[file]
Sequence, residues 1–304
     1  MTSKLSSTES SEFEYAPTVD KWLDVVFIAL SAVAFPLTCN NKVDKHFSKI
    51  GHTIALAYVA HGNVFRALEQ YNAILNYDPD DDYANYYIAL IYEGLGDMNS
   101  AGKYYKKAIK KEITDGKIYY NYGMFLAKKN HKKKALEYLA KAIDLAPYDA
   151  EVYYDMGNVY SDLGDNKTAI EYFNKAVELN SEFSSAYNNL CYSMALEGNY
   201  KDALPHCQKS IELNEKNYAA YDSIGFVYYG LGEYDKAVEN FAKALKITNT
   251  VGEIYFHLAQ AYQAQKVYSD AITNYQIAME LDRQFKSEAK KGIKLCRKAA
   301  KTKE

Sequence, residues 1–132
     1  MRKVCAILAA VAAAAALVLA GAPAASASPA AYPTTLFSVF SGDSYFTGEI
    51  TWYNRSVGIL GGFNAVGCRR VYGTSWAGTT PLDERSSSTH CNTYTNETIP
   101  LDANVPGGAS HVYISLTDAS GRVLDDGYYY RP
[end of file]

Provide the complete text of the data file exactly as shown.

Sequence, residues 1–304
     1  MTSKLSSTES SEFEYAPTVD KWLDVVFIAL SAVAFPLTCN NKVDKHFSKI
    51  GHTIALAYVA HGNVFRALEQ YNAILNYDPD DDYANYYIAL IYEGLGDMNS
   101  AGKYYKKAIK KEITDGKIYY NYGMFLAKKN HKKKALEYLA KAIDLAPYDA
   151  EVYYDMGNVY SDLGDNKTAI EYFNKAVELN SEFSSAYNNL CYSMALEGNY
   201  KDALPHCQKS IELNEKNYAA YDSIGFVYYG LGEYDKAVEN FAKALKITNT
   251  VGEIYFHLAQ AYQAQKVYSD AITNYQIAME LDRQFKSEAK KGIKLCRKAA
   301  KTKE

Sequence, residues 1–132
     1  MRKVCAILAA VAAAAALVLA GAPAASASPA AYPTTLFSVF SGDSYFTGEI
    51  TWYNRSVGIL GGFNAVGCRR VYGTSWAGTT PLDERSSSTH CNTYTNETIP
   101  LDANVPGGAS HVYISLTDAS GRVLDDGYYY RP